Why is this so, what affects it and how could it be fixed?

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2  
From the man page for usleep: "The suspension time may be longer than requested due to the scheduling of other activity by the system." –  molbdnilo Jun 27 at 10:11

3 Answers 3

up vote 2 down vote accepted

When your process goes to sleep by calling a sleep function, the system scheduler postpones waking it up until the requested time spends. After that it may wakes up the process or it may takes longer time.

The usleep() function will cause the calling thread to be suspended from execution until either the number of real-time microseconds specified by the argument useconds has elapsed or a signal is delivered to the calling thread and its action is to invoke a signal-catching function or to terminate the process. The suspension time may be longer than requested due to the scheduling of other activity by the system.

Many OSs don't guarantee that they will wake up processes right after the sleep time finishes.

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So the reporting is correct, but waking up from sleep takes longer? –  Round Potato Jun 27 at 10:31
1  
@RoundPotato: Yes, the clock_gettime() is not too bad, the sleep ing mechanism is the main problem. –  M M. Jun 27 at 10:37

This is due to how sleep work, even in Real Time OSes.

Basically, when you ask "sleep for X amount of time", you don t ask "Wake me up in X time" but "Don t call me before X time". That s why time dependent programming is so difficult and also why video game programming use frame instead of ms for example.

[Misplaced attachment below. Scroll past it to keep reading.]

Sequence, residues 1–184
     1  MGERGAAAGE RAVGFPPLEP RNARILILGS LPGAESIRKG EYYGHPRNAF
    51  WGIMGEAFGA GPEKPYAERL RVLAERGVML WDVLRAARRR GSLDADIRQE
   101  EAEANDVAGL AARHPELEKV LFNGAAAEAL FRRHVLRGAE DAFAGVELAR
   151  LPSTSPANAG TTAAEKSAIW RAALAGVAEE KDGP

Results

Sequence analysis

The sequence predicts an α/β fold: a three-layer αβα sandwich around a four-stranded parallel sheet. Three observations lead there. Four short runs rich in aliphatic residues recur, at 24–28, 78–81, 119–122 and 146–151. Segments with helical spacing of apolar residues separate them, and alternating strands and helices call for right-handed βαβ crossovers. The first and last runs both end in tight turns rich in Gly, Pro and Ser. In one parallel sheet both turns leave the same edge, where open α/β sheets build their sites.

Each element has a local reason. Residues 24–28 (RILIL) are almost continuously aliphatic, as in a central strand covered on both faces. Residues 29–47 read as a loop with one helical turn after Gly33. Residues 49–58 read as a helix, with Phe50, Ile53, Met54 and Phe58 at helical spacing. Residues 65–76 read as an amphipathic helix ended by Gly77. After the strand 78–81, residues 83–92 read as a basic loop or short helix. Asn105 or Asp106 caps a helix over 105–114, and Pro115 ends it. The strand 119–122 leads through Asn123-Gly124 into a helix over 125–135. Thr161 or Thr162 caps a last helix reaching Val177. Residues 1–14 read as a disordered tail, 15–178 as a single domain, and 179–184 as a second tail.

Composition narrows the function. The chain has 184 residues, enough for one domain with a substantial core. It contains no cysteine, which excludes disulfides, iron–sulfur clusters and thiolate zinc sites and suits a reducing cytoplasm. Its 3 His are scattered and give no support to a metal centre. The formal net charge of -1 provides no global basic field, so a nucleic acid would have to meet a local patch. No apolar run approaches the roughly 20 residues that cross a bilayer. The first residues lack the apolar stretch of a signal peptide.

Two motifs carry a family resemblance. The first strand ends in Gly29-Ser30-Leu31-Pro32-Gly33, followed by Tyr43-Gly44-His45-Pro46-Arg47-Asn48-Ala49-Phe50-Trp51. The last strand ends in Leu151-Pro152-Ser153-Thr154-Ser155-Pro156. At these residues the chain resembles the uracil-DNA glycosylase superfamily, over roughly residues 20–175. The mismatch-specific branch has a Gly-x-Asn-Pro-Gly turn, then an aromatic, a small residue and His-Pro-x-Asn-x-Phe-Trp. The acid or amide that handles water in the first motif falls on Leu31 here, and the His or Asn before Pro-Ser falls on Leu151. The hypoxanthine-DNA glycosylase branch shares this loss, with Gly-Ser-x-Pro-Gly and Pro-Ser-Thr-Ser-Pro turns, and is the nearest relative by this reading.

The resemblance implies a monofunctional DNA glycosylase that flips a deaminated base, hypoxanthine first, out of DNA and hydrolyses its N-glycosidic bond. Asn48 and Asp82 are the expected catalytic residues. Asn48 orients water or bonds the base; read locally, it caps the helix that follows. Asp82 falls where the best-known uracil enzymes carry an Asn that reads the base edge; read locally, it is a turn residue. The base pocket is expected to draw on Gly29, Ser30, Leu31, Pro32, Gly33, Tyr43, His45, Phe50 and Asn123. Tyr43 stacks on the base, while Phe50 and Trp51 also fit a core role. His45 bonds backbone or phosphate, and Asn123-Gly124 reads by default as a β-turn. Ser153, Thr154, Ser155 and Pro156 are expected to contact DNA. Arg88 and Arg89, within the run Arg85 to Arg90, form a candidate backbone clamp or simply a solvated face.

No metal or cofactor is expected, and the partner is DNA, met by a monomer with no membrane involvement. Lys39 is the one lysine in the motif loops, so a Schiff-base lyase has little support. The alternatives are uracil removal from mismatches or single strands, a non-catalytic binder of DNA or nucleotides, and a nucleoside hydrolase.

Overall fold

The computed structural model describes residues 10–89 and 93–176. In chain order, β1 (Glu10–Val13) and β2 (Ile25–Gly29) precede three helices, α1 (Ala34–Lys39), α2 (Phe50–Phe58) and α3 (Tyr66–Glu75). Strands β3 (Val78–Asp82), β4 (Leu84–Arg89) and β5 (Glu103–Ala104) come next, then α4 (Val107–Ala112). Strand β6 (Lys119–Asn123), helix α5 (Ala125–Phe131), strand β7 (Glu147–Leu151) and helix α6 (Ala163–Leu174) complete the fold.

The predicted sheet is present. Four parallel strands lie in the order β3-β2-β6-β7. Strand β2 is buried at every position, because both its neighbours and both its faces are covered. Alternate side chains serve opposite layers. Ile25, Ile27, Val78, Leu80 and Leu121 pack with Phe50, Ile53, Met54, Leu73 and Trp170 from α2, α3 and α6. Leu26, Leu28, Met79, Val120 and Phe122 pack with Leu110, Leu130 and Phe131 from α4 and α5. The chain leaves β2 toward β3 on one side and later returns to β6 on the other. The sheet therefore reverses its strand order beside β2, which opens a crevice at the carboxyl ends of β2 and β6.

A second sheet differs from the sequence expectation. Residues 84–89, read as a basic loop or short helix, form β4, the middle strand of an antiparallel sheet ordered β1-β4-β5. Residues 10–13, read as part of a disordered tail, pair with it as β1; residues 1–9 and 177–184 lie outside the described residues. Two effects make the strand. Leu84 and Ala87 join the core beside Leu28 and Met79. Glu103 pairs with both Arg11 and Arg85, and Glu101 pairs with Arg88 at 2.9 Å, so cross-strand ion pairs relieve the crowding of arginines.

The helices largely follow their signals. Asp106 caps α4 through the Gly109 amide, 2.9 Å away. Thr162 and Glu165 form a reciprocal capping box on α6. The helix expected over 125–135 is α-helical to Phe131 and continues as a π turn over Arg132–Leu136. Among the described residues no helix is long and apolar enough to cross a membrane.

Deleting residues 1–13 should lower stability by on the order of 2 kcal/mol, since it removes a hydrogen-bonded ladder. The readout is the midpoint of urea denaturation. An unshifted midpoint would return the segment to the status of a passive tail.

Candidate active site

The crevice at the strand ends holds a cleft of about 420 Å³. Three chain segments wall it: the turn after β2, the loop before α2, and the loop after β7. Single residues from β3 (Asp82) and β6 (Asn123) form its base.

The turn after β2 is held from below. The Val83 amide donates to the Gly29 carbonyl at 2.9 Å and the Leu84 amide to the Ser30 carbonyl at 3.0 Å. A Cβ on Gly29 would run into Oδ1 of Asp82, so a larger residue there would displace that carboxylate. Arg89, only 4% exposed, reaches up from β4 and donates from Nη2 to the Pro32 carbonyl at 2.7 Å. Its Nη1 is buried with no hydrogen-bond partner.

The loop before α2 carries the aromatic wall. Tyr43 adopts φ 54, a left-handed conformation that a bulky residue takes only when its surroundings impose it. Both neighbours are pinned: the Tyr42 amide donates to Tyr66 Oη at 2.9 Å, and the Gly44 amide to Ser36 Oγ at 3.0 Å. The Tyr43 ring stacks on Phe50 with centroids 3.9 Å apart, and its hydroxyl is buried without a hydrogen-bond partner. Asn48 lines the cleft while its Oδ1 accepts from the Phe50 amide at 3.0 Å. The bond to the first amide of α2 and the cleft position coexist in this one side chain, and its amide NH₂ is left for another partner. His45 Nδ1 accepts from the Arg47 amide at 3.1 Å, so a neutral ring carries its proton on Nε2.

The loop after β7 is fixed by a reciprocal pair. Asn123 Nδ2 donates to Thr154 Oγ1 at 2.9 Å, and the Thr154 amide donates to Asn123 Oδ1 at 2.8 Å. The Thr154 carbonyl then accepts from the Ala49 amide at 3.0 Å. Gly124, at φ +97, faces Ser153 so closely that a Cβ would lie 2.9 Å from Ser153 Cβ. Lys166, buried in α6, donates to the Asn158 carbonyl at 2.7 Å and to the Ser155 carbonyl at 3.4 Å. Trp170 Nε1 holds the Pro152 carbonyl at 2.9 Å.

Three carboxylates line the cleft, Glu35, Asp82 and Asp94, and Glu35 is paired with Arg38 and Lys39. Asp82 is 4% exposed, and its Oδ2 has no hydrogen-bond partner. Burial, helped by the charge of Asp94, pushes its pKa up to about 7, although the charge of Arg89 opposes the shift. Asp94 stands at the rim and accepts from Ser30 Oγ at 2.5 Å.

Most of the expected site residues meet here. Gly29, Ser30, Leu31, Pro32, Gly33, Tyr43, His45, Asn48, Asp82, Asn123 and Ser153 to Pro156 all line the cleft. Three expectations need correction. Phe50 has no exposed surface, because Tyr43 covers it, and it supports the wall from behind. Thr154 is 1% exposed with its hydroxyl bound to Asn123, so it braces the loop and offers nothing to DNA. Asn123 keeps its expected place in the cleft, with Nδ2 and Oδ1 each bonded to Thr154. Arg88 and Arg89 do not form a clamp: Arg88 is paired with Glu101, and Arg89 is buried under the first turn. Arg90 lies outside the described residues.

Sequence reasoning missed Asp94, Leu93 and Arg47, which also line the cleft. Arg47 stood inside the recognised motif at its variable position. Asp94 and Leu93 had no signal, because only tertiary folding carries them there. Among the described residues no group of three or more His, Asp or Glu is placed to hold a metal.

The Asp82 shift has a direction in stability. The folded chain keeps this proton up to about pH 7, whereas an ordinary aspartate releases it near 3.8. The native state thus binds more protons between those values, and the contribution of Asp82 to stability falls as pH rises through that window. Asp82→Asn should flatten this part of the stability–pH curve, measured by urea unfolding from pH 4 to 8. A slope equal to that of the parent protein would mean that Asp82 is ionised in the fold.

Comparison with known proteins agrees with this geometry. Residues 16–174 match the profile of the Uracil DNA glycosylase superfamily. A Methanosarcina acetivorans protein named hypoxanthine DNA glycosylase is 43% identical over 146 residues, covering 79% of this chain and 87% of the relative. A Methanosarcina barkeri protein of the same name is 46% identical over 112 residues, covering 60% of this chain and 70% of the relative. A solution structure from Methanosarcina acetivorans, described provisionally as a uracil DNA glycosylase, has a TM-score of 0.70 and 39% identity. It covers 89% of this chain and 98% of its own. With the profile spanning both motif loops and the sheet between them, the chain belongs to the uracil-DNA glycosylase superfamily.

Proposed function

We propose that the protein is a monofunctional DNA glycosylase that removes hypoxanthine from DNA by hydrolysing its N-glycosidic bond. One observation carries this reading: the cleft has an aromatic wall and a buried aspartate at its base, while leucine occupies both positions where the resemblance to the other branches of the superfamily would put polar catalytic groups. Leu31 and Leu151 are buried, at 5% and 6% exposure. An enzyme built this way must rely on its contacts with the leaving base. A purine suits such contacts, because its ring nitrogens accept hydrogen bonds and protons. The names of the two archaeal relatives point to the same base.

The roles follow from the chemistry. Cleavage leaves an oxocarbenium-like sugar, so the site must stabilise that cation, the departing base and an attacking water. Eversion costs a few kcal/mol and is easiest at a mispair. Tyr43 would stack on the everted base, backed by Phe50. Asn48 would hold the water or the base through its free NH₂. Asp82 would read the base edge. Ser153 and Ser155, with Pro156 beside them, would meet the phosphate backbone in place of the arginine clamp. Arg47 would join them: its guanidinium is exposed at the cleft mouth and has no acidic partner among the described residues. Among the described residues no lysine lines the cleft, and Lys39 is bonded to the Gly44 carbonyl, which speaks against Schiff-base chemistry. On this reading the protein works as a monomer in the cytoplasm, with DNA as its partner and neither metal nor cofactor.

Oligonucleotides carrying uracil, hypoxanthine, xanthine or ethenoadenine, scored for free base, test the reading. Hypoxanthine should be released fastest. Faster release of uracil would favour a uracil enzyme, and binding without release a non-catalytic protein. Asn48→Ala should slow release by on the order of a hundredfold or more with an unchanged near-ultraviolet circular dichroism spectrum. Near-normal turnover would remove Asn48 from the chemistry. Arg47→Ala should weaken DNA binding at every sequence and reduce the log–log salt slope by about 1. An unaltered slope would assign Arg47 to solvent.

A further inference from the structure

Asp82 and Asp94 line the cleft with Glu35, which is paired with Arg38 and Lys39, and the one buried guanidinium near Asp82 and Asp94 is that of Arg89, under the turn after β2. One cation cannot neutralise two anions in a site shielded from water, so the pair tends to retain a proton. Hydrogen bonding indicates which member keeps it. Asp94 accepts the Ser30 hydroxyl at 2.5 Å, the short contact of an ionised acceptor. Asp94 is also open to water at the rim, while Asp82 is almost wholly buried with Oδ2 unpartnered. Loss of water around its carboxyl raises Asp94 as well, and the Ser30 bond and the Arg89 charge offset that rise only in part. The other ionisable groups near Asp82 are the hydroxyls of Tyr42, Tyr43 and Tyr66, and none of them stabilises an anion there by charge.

Chances are, if your system isn t overloaded and don t run for a too long time, that this inaccuracy don t add up enought to be troublesome, if it is, you ll need another way to check the time (maybe Universal Time? But you ll be dependent on network).

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Digital ticks have an inherent quantification inaccuracy (as is in any DAC/ADC) which means that for the ticks of 1 ms duration your inaccuracy can range from "almost 0" to "almost 1 ms".

There's a perfect picture illustration from an MSDN article on timing: enter image description here

(yes, sometimes MSDN actually has useful and insightful articles) with this text:

"If a hardware generator provides ticks at a constant rate, time intervals can be measured by simply counting these ticks. The rate at which the ticks are generated is called the frequency and expressed in Hertz (Hz). The reciprocal of the frequency is called the period or tick interval and is expressed in an appropriate International System of Units (SI) time unit (for example, second, millisecond, microsecond, or nanosecond). Time interval The resolution of the timer is equal to the period. Resolution determines the ability to distinguish between any two time stamps and places a lower bound on the smallest time intervals that can be measured. This is sometimes called the tick resolution. Digital measurement of time introduces a measurements uncertainty of ± 1 tick because the digital counter advances in discrete steps, while time is continuously advancing. This uncertainty is called a quantization error. For typical time-interval measurements, this effect can often be ignored because the quantizing error is much smaller than the time interval being measured."